Children in Scotland with attention-deficit hyperactivity disorder (ADHD) have gained access to a new treatment option after regulators agreed to fund Shire's Elvanse on the National Health Service.
The Scottish Medicines Consortium (SMC) has accepted for use Elvanse (lisdexamfetamine dimesylate) as part of a comprehensive treatment programme for the condition in children aged six years and older, when response to previous methylphenidate treatment is inadequate.
The decision was based on data from a multicenter, randomised, double-blind, controlled study in children and adolescents with ADHD, which showed that treatment with the drug was linked with a shorter time to first response compared with a non-stimulant, centrally-acting sympathomimetic agent.
In addition, a greater proportion of Elvanse-treated patients achieved improvements in symptom scores and functioning than those treated with the active comparator, the agency noted.
According to Shire, research suggests that 37,000 children and young people are affected by ADHD in Scotland, and yet only 4,539 Scottish children with a diagnosis of ADHD are currently estimated to be in contact with specialist services.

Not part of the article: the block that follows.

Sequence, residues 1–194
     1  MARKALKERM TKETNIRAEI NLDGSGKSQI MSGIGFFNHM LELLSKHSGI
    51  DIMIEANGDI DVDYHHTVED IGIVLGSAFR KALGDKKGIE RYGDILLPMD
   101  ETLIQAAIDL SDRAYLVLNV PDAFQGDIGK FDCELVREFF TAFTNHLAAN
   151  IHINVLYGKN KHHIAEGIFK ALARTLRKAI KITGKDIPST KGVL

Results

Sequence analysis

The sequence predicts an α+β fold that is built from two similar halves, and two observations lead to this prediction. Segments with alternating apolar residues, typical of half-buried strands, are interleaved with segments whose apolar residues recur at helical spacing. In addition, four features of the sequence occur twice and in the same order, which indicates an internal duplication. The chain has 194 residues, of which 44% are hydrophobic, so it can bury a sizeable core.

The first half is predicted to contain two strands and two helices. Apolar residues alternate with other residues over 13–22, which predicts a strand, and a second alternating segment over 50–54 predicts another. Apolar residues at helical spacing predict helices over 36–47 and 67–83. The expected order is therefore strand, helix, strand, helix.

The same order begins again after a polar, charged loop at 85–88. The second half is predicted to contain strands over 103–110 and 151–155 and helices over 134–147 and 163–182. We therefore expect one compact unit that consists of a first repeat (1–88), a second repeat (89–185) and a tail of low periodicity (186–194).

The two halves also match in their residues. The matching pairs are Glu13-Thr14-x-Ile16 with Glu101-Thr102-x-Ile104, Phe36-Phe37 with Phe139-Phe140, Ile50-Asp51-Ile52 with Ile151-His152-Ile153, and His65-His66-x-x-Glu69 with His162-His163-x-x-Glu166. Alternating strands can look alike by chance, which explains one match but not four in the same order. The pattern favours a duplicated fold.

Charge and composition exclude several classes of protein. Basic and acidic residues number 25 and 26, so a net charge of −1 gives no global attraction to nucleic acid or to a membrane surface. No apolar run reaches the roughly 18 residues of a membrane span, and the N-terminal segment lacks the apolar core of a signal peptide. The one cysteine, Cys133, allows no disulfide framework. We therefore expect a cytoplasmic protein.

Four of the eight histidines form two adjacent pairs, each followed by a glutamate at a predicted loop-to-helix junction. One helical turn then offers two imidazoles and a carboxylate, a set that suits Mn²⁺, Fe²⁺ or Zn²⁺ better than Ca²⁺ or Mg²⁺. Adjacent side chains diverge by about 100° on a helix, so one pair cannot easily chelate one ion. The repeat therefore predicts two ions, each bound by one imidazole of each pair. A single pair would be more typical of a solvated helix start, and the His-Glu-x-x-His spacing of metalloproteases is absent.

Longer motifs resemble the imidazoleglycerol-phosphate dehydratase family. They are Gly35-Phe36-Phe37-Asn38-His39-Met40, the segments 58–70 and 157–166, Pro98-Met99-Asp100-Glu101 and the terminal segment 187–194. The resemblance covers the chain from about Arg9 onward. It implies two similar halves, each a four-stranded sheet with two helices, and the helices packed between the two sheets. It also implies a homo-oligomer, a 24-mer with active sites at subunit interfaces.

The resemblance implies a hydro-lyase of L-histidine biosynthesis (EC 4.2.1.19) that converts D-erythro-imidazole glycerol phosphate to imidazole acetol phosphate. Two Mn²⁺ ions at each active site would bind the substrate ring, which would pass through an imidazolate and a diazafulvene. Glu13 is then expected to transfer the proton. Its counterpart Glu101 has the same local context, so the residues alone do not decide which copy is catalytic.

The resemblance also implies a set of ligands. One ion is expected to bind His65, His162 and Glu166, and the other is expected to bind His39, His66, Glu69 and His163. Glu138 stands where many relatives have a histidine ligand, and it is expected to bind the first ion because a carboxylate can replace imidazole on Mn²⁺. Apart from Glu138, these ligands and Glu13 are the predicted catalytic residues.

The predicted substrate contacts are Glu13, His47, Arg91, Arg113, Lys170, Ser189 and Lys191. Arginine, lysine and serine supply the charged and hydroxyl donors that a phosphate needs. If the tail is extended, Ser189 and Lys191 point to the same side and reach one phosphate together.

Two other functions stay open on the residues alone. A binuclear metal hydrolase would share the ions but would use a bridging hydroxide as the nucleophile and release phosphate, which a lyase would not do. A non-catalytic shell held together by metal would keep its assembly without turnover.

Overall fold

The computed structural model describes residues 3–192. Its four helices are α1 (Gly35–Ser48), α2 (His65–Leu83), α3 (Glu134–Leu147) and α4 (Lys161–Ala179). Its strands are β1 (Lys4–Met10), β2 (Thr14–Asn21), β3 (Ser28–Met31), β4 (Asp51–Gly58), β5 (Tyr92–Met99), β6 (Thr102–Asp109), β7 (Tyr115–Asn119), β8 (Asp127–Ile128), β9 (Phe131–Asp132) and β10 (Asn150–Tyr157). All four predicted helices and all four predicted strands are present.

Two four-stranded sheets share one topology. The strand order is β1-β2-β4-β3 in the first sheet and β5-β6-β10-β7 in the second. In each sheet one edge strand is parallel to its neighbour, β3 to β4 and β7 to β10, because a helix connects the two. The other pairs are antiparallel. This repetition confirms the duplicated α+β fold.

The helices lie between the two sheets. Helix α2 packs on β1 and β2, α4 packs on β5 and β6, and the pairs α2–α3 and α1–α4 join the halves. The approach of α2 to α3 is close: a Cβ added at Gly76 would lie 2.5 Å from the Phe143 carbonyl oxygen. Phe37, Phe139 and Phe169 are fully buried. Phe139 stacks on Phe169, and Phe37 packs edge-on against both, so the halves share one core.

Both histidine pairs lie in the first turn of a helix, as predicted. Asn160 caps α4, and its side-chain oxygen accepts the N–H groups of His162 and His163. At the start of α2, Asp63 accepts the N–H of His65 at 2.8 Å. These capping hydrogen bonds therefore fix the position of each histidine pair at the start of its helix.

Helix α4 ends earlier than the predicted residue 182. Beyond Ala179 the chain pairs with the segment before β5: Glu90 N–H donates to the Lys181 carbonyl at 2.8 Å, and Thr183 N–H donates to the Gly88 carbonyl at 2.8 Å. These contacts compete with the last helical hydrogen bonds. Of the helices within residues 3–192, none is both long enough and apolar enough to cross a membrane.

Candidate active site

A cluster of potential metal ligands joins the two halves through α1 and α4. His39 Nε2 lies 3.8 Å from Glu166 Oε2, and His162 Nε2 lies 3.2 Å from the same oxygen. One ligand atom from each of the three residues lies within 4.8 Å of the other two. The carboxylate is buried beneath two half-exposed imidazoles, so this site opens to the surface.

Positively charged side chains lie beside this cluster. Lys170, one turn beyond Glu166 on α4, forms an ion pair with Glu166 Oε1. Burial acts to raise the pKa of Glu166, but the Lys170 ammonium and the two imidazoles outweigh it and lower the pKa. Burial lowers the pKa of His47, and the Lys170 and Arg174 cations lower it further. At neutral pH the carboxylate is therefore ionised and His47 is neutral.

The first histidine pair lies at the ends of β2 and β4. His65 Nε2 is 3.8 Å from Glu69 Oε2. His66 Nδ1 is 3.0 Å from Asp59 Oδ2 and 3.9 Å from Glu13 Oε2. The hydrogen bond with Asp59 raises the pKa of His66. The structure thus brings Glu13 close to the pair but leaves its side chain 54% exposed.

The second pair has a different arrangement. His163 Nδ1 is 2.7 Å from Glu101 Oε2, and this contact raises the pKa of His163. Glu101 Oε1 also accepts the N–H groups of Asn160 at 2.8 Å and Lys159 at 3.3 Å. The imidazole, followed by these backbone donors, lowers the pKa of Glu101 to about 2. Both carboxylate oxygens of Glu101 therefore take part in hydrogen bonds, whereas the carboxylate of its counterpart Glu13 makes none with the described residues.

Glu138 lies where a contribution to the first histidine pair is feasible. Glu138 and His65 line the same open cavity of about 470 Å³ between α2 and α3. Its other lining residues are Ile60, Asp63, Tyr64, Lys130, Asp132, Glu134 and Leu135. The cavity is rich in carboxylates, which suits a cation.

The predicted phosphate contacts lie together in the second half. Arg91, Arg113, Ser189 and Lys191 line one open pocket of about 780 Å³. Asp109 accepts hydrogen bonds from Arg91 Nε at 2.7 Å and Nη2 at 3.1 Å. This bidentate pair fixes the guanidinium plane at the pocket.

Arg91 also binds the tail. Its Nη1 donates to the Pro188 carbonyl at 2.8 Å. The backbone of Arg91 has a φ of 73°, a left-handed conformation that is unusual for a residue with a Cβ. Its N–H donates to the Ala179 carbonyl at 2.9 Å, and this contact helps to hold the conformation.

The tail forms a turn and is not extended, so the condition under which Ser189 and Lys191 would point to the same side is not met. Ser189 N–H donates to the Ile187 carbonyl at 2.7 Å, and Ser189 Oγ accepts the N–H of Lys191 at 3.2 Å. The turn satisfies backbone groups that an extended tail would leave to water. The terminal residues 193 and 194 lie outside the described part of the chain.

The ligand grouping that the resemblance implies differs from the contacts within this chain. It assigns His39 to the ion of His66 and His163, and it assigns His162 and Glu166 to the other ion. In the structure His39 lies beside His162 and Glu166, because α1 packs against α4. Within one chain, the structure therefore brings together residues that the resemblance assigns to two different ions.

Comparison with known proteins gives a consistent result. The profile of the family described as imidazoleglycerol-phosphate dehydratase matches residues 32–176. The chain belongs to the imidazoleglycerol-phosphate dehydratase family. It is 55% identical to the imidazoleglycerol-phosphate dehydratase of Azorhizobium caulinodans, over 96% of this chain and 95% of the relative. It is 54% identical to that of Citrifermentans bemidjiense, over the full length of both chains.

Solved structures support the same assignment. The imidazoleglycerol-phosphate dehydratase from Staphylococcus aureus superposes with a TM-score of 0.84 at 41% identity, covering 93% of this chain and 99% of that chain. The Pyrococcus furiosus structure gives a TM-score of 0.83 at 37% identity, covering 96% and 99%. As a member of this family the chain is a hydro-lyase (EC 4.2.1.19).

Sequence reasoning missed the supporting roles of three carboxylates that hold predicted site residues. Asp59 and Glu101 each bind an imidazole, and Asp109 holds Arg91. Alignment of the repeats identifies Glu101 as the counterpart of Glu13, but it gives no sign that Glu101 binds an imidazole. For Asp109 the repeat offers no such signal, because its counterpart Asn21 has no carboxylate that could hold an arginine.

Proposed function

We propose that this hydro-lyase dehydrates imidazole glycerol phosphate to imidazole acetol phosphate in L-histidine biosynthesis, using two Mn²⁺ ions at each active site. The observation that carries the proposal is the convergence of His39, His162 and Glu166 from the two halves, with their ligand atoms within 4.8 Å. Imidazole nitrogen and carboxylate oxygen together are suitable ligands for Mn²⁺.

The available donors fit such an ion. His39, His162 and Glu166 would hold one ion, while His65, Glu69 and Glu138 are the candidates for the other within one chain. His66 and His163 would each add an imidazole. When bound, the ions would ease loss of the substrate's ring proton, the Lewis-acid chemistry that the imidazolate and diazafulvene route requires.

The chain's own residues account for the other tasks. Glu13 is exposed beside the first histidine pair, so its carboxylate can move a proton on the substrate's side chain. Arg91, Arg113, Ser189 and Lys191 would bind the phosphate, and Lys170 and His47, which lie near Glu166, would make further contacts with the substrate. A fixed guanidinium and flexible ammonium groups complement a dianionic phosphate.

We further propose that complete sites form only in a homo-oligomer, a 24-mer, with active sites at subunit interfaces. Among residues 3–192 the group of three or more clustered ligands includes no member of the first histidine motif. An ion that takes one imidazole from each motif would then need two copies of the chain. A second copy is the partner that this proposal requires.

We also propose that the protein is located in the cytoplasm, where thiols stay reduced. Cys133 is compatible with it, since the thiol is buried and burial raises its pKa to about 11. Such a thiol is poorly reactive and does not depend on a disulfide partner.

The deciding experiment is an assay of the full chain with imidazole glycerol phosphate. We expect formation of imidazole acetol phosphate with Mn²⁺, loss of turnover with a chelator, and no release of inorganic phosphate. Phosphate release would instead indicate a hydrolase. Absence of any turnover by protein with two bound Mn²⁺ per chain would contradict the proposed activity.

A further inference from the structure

“Every child has specific and individual needs when it comes to treatment, so the decision made by the SMC is great news as it will help provide a broader range of options to help people with ADHD manage their individual needs effectively,” commented David Coghill, Child and Adolescent Psychiatrist, University of Dundee.
The first stimulant prodrug in Europe for the treatment of ADHD, Elvanse won UK marketing authorisation in February of this year.
Elsewhere, the SMC also issued green lights for Astellas' Betmiga (mirabegron) as a treatment for overactive bladder syndrome, and Novartis' Lucentis (ranibizumab) for the treatment of visual impairment due to macular oedema secondary to retinal vein occlusion in adults.
On the down side, the news was not so good for Pfizer after the use of Xalkori (crizotinib) within NHS Scotland for the treatment of adults with previously treated anaplastic lymphoma kinase (ALK)-positive advanced non-small cell lung cancer (NSCLC) was turned down.
While a Phase III clinical study in this subset of patients significantly increased progression-free survival compared with standard chemotherapy, the company's justification of the treatment's cost in relation to its health benefits was not sufficient to gain acceptance by SMC, the group said, explaining its decision.
The National Institute for Health and Care Excellence (NICE) also turned down the drug's use in draft guidance last month.